The State contends that, regardless of the alleged ineffectiveness of trial counsel, this court's decision in the previous appeal is res judicata as to all issues presented in the post-conviction petition. Citing People v. Kamsler (1968), 39 Ill.2d 73, 74, the State points out that "[i]t is well settled that where a person convicted of a crime has taken an appeal from the judgment of conviction on a complete record, the judgment of the reviewing court is res judicata as to all issues actually decided by the court and all issues which could have been presented to the reviewing court, if not presented, are waived." The State concludes that the defendant had sufficient opportunity to raise the ineffective-assistance claim in the original appeal and that his failure to do so is res judicata as to that claim.

Defendant contends that factors which would reveal trial counsel's incompetence at the sentencing hearing were not in the record and, therefore, the "complete record" requirement of Kamsler has not been met. We disagree. Unlike People v. Thomas (1967), 38 Ill.2d 321, the issues raised in defendant's petition could have been addressed in the original appeal because every ground for ineffectiveness that defendant has properly raised was apparent from the original appellate record or could have been supplemented to that record under our Rule 329 (87 Ill.2d R. 329).

The evidence he now wishes to present with respect to oversights of trial counsel in the sentencing hearing was available to present counsel in the original appeal to this court. The psychological data referred to by defendant's present counsel was on file with the circuit court at the time of the direct appeal. Because all of the evidence that was needed to show the adequacy or inadequacy of trial counsel's representation was available to counsel at that time, we find no substance in the present argument that to have raised the issue of ineffective assistance of trial counsel in the first appeal would have either been premature or resulted in a piecemeal approach.

In the original appeal, the defendant argued that the Illinois death penalty provisions (Ill. Rev. Stat. 1979, ch. 38, par. 9-1) were unconstitutionally vague and failed to provide sufficient guidance to the trial judge, the prosecutor and his defense attorney. His counsel explained both in oral argument in this court on the original appeal and in the circuit court in the post-conviction proceeding that in the prior appeal he did not pursue the question of his predecessor's effectiveness because the statute lacked standards sufficiently definite to tell trial counsel what he was supposed to do. In rejecting the constitutional argument, this court never addressed the issue of ineffective assistance of trial counsel because it was never presented. Present counsel explains in this appeal his failure to raise this issue in the first appeal by stating that it would have been "premature," "piecemeal" and "in conflict with his position in the Supreme Court."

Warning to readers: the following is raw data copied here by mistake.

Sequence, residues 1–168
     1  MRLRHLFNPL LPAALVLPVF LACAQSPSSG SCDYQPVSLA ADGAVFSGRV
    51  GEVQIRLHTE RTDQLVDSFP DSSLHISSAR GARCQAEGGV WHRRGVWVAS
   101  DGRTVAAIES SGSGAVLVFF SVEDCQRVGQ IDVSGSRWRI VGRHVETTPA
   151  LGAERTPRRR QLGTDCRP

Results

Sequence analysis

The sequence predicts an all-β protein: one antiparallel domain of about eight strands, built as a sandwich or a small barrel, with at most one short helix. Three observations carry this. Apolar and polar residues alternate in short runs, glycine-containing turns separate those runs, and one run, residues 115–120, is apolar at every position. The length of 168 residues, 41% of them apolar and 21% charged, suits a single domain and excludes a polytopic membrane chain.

The defendant's counsel's claim that such an argument would have been contradictory or inconsistent with the position he took in that appeal is without merit. Any appellant may argue in the alternative. Counsel could have argued that the death statute lacked adequate standards but that if the standards were held to be adequate, trial counsel failed to provide effective assistance. Therefore, the State is correct in its position that res judicata applies to the defendant's claim or, stated in another way, that he waived the claim of ineffective assistance of counsel by failing to raise it in the first appeal when the record would have permitted him to do so.

The defendant's assertion that an evidentiary hearing should be held on his claim of ineffectiveness based on improper inducement to plead guilty is also inaccurate. Trial counsel's failure to negotiate a recommendation for a lesser sentence in exchange for a guilty plea and the question of whether or not he used the guilty plea for tactical advantage at the sentencing hearing was apparent from the original proceedings. In addition, trial counsel's failure to challenge the plea within the time period prescribed was also apparent from the record and could have been argued as a ground for ineffective assistance of counsel in the original appeal.

The trial court correctly ruled that the petition did not require a hearing, and the judgment of the circuit court of St. Clair County is affirmed. The clerk of this court is directed to enter an order fixing Wednesday, March 12, 1986, as the date on which the sentence of death entered in the circuit court shall be executed at the Stateville Correctional Center at Joliet. The defendant shall be executed by lethal injection in the manner provided by section 119-5 of the Code of Criminal Procedure of 1963 (Ill. Rev. Stat. 1983, ch. 38, par. 119-5). A certified copy of the mandate in this case shall be furnished by the clerk of this court to the Director of Corrections and the wardens of the wardens of the State correctional centers at Menard and Joliet.